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  1. #11
    d d
    Guest

    Re: Critiques Please ! Come one, come all!

    Thanks Chris........I think that John was right in implying that I had fallen into the trap of assuming everyone knows the setting as well as I do, and obviously that is not the case.



  2. #12
    John Oberon
    Guest

    Re: Critiques Please ! Come one, come all!

    DD,

    It would not be bloated and wordy. You can be precise and accurate without wordiness. You write like James Fenimore Cooper. Read Mark Twain's critique of his writing and you'll find a critique of yours as well. Twain calls it "inaccurate observation", I call it a poor eye for details, but it amounts to the same thing. Your story contradicts reality.

    For example, you want me to believe that when Will strikes this man with an axe from behind, the axe lodges in his flesh as it would a piece of wood, so firmly that it yanks the axe from Will's firm grip as the man falls (I'm guessing this is what happened, you don't say it). That alone is enough to shatter my belief in your story, but you don't stop there. Since the axe is yanked from Will's hand, that implies the man fell forward away from Will, but you say he falls backward toward Will.

    Combine things like that with things like disappearing steps and axes and auto-decapitation and very quickly, you have a ridiculous story.

    Google "Fenimore Cooper's Literary Offenses", and you'll read how a master says it far better than I.

  3. #13
    Chris Anderson
    Guest

    Re: Critiques Please ! Come one, come all!

    I think that John makes a good point, but your flaws of detail/observation are nowhere near as rampant as Fenimore The paragraph of Will's attack is definitely the most flawed in clarity. The axe wouldn't stick in a man enough to be pulled free unless it was in his gut (most likely) and certainly wouldn't stick if it went clean THROUGH his neck. He also would fall into the cabin, not into the dust. John's other remarks on that paragraph are more or less accurate, although I would argue that not all of it requires fixing. You could say "front wall" and Will sees the boots of the man standing guard on the first step. Then he leaps up the steps and in one swift motion....yada yada.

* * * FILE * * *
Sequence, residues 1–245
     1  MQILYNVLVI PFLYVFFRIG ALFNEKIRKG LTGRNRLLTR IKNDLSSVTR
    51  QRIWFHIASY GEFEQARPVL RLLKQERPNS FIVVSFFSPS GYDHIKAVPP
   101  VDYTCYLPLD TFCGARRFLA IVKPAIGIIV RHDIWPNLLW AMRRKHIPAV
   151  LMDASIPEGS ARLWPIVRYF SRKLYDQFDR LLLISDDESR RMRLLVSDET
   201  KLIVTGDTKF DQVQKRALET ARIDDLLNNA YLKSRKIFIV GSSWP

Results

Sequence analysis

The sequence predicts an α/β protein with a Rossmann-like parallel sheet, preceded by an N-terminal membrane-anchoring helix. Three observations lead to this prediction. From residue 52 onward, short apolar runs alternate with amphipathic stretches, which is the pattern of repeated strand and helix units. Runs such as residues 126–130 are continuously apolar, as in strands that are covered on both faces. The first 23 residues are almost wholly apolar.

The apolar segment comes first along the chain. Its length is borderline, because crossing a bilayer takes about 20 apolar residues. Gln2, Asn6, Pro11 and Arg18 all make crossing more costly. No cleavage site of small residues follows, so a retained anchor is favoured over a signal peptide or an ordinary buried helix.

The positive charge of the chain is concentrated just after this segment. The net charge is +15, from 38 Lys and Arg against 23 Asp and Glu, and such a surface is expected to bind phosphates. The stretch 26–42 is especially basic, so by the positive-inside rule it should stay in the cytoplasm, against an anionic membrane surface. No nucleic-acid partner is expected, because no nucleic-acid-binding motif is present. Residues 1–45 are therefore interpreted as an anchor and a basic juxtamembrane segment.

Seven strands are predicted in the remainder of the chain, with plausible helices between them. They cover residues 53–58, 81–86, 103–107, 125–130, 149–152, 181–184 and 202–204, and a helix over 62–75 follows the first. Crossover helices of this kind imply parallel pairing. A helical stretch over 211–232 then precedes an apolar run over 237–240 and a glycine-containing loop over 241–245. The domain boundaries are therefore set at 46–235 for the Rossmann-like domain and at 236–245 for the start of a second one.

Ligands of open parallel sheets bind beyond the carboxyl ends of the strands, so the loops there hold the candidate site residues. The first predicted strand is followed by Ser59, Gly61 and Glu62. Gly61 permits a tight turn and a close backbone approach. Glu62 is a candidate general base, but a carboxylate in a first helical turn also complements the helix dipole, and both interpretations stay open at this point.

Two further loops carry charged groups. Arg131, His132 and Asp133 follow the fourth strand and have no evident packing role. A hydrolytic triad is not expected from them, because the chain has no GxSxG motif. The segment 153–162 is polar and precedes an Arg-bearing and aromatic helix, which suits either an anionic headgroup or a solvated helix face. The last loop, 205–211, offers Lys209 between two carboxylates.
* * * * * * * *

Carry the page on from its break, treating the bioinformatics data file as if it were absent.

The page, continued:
I have cut wood AND played baseball and it's easy to make wood handles squeak.

    The throttled heartbeat is fine IMO.

    If he's gasping air pressed up against warm cedar I can believe that he would notice it's smell.

    Maybe mention a breeze blew in the dust. Not that big of deal if you ask me.

    Anyway, much of the rest has been covered in enough detail for me. Overall it's a good start. Very tense, lots of action, good setup if you ask me. Had me interested and I'd like to read more. That's the main point, right? There are definite Fenimore moments as John pointed out, but your offenses are not that severe. I also would suggest you read Twain's remarks on Fenimore, very good stuff.

  4. #14
    John Oberon
    Guest

    Re: Critiques Please ! Come one, come all!

    Yeah, maybe not as bad as JFC, but the similarities are pretty glaring. And this kind of inaccuracy is not just in that one paragraph; it's throughout the piece.

    Sure, you can make wood handles squeak, but I challenge you to do it by simply tightening your grip as Will did. Not happening. The squeak occurs when your hands slide over the wood. And is Will going to do that when stealth is at a premium? No.

    "Throttle" connotes one of two meanings in my mind - increasing the power on some kind of mechanical device, or choking something. Sure, you can use it figuratively, but this scene doesn't strike me as the place for figurative language.

    I doubt he would notice the cedar smell if he built the cabin and has lived there for years. He might notice if it DIDN'T smell that way. DD could easily delete that part, IMO.

    When you say a "bank" of anything, it implies a significant accumulation of whatever it is, whether it's a dust bank, a cloud bank, or a snow bank. Who cares about dust, unless it obscures someone's vision at a critical moment? Delete, IMO.

  5. #15
    d d
    Guest

    Re: Critiques Please ! Come one, come all!

    I think I will title this novel - The Very Last of the Mohicans.

    Ouch.....Cooper! ........you're exactly right. I've got some editing to do.

    At least he was published, famous even, but his work was a little over the top.

  6. #16
    John Oberon
    Guest

    Re: Critiques Please ! Come one, come all!

    Sure, JFC is one of many examples of a popular, successful, and BAD writer.

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